One of the first things the province's new chief flood forecaster learned as a student about Manitoba was that it flooded a lot.
Google told him that.
"When I was in Africa I Googled, 'What is the best place for water and flood fighting' and Manitoba is one of the best places," Fisaha Unduche said Monday. "I looked at other provinces, but Manitoba is one of the best known for floods."
So Unduche was sold. And he hasn't been disappointed.
The 38-year-old married father of two children was introduced by the government Monday as its new top flood forecaster, one of the more demanding positions in the province with each spring thaw. Born and raised in southern Ethiopia, he was chosen as the best of seven candidates for the job. He replaces Phillip Mutulu, who now works in Calgary for a private consulting firm.
"I'm honoured to get this position and I'll work hard and I'll make my team work hard so that Manitobans get the best forecasts they deserve," Unduche said. "I'm ready to go."
Undeche now leads a 12-person team going into flood season. Unduche's first spring flood outlook will be released later this week.
Unduche said his forecast will be similar to recent forecasts from North Dakota and Saskatchewan that have said the risk of spring flooding is low, but added that depends on how much more snow falls before spring.
"What we're expecting for this year is normal to below normal for most parts of Manitoba, which is good news for Manitobans, but it all depends how the weather co-operates in the next month as well," he said.
For the past five years Unduche was the senior water control systems planning engineer for the province where he got first-hand experience with flooding in 2009 and 2011.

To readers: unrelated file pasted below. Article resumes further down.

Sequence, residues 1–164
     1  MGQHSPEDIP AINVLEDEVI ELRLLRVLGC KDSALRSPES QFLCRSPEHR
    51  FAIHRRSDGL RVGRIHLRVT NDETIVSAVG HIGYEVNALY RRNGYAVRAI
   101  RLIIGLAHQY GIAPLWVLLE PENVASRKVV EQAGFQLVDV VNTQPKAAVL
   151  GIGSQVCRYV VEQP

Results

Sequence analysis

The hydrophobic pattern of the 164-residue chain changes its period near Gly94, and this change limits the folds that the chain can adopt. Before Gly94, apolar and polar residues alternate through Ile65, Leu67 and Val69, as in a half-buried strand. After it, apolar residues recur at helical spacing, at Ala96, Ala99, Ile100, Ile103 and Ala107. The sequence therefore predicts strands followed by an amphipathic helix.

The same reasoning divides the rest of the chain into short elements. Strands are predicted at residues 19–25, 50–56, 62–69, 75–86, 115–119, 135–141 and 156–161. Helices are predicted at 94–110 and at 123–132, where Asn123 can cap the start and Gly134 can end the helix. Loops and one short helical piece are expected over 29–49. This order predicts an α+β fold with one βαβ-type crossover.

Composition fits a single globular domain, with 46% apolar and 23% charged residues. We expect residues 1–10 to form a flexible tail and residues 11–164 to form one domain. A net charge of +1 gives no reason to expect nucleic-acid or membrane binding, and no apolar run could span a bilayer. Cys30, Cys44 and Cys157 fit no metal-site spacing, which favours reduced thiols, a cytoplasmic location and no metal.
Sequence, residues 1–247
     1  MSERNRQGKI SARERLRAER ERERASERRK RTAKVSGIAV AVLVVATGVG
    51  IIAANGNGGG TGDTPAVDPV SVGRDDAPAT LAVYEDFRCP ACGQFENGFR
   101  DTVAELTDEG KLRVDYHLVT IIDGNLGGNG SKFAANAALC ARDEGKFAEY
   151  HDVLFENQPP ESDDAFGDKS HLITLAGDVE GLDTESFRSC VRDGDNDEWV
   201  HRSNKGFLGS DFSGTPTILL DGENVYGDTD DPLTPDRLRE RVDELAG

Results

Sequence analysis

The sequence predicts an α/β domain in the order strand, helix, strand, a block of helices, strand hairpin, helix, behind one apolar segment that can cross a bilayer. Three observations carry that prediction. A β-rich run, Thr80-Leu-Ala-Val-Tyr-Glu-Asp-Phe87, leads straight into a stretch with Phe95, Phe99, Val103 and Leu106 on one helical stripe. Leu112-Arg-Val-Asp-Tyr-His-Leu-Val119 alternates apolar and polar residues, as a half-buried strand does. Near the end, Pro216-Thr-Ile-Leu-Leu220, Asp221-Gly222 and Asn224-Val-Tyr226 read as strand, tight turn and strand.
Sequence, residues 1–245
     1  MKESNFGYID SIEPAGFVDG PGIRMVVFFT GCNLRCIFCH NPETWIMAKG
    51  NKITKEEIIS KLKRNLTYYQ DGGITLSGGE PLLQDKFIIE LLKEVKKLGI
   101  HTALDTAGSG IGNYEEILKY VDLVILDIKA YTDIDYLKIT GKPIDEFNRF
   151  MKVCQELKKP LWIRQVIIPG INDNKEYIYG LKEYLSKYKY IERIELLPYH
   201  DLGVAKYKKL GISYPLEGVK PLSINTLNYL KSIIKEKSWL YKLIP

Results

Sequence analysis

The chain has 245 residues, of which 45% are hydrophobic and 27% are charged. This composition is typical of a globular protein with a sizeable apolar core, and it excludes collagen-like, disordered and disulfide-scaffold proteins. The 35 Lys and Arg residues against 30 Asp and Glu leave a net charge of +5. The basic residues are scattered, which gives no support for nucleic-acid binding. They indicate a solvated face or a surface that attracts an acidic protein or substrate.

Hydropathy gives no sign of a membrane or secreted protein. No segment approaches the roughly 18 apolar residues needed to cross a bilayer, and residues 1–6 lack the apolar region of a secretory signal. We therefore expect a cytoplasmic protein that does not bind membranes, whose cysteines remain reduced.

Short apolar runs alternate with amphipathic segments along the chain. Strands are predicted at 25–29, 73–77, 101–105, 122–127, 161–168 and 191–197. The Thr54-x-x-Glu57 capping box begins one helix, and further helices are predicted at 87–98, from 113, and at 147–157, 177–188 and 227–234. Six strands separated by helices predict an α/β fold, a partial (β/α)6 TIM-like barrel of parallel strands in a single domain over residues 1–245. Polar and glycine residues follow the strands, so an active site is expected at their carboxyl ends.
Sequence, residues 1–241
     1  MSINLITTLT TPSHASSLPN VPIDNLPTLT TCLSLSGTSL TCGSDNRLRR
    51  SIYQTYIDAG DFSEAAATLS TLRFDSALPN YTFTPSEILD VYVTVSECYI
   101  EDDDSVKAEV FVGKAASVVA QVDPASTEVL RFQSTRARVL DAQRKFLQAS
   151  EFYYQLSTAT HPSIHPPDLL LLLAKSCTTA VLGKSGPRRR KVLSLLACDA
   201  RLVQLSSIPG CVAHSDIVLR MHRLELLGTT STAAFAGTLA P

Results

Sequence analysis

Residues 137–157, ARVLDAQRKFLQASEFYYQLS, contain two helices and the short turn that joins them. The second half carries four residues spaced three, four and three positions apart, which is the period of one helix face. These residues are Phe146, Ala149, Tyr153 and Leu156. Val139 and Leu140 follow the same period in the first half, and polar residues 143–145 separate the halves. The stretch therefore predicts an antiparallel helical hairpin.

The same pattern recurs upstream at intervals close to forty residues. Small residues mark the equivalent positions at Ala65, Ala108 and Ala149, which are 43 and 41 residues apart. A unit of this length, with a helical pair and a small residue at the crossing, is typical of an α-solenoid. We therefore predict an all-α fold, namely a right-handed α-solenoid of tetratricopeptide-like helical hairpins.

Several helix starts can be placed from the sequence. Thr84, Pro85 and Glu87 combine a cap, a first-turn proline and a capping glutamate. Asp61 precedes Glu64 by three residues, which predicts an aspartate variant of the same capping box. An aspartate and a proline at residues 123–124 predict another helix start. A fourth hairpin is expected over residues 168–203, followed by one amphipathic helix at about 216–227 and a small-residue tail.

He comes to the job with the province still stinging from criticism it did a poor job of forecasting 2011 flood levels in western Manitoba. The 2011 Flood Review Task Force, chaired by civil engineer David Farlinger, found the province's flood forecasting team was inexperienced and lacked the necessary resources to deal with the deluge it faced in southern Manitoba.
Unduche said the forecasting office now has a lot more tools at its disposal, including installation of new hydrometric stations to calibrate river flows, new weather stations to measure precipitation and new modelling methods to run the numbers to make accurate forecasts.
"When everything is complete and in place we believe that we have some of the best equipment and technology for any type of flood," he said.
Unduche said he came to Manitoba to further his studies at the University of Manitoba under civil engineering professor Jay Doering, where he earned his PhD in water resource engineering and researched river ice formation.
"There are three components to flood forecasting," Doering said. "There is the data, the model and there's the people. He's definitely not the weakest link. He can pull it all together. He's a very bright person.
"And it is actually nice to see our students go on and to succeed."
Prior to joining the Manitoba government, Unduche worked as a water resources engineer at AECOM, an international engineering services company.
He obtained his master of civil engineering at the International Hydraulic Engineering Institute in the Netherlands and took further post-graduate work at the Norwegian University of Science and Technology.